How Financial Aid Affects College Cost and ROI By Household Income
This weekend, President Obama rolled out new Department of Education initiatives aimed at increasing the number of students who attend college and graduate without unmanageable student loan debt. Among them: College Scorecard, an assessment tool that allows students and their families to choose potential colleges based on factors like average annual cost, graduation rate, and salary after attending. PayScale is using this data to add another layer to our College ROI Report, showing how income level affects college ROI.
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James Kvaal, the White House’s deputy director of domestic policy, explained in a press call that the scorecard offers an alternative to static rankings based on low admissions rates and high spending.
“The current system is one where we reward colleges based on what they spend, for turning away students instead of enrolling more of them,” Kvaal said. “These are the wrong incentives to be giving our colleges, and the wrong message to send our students.”
What’s Included in College Scorecard – and What’s Not
The College Scorecard is based on data representing students who receive Title IV aid, which includes 95 percent of all types of federal aid. It does not include students who don’t receive aid, or those who receive it from private sources, such as school endowments or private scholarships.
Still, even with those caveats, the data include a huge number of students: according to The National Center for Education Statistics, the percentage of first-time, full-time students at four-year universities receiving Title IV aid increased from 80 percent in 2007-8 to 85 percent in 2012-3.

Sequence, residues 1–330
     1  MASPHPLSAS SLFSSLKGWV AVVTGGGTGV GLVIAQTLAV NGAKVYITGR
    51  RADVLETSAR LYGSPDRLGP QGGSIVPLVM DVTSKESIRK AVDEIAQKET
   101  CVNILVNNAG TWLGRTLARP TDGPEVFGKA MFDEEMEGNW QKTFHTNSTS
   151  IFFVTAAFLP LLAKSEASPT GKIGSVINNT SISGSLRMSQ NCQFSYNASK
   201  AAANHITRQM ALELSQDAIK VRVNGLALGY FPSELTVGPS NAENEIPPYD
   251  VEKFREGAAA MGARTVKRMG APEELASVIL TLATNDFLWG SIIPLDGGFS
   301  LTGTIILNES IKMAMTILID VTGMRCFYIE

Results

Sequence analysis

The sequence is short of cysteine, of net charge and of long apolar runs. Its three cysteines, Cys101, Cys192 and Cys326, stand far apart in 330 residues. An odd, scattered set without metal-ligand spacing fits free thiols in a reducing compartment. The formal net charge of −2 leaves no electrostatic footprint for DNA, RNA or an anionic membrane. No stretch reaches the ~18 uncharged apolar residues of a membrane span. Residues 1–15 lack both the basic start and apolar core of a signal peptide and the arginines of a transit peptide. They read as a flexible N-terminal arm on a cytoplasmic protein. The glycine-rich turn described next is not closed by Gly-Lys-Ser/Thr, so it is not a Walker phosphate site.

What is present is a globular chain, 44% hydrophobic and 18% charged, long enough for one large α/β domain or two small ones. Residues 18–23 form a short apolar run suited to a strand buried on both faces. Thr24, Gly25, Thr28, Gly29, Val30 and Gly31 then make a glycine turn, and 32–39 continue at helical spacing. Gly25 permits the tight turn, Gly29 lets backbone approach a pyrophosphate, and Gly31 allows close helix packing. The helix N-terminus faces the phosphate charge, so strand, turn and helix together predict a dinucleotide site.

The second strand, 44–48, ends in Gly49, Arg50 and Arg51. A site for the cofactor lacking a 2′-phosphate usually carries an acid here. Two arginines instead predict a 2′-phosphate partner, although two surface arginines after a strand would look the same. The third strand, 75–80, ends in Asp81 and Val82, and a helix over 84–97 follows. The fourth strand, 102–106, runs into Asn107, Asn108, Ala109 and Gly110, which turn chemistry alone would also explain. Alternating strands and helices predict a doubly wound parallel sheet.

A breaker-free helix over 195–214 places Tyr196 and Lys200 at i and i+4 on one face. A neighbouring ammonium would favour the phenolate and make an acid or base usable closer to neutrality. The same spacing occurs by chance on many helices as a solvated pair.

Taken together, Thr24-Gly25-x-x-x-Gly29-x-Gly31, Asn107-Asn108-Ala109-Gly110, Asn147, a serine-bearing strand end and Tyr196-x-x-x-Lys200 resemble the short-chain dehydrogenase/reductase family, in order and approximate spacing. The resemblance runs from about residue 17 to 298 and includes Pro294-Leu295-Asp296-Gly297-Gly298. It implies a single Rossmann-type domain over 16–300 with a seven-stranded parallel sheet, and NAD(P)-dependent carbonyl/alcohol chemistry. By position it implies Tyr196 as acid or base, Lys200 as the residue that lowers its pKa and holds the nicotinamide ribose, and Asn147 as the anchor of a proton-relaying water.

How Income Affects ROI
PayScale received early access to College Scorecard data, and used it to show how return on investment changes, depending on the income level of the student. The data visualization below, which is a teaser of the full data set that will appear in PayScale’s full College ROI report in March, highlights a variety of schools to provide insight into how cost can vary for students at different income levels, even at the same school.
It’s important to note that the percentage of students who receive financial aid varies widely by school, so even these data do not provide a full picture of a school’s actual price. Also, the data reflect students who graduated, cut by income level, but do not yet include household income prior to admission. Earnings data for students who dropped out of a school before earning a degree were not included.
The takeaway, however, is clear: students’ return on investment after graduation depends on their income level, as well as each school’s track record of high-earning alumni. The best school for you can’t be plucked off a static list; it has to be narrowed from a field of potentials. Let data be your guide, and you’ll be much more likely to graduate to a job with a salary that allows you to pay back your student loans.
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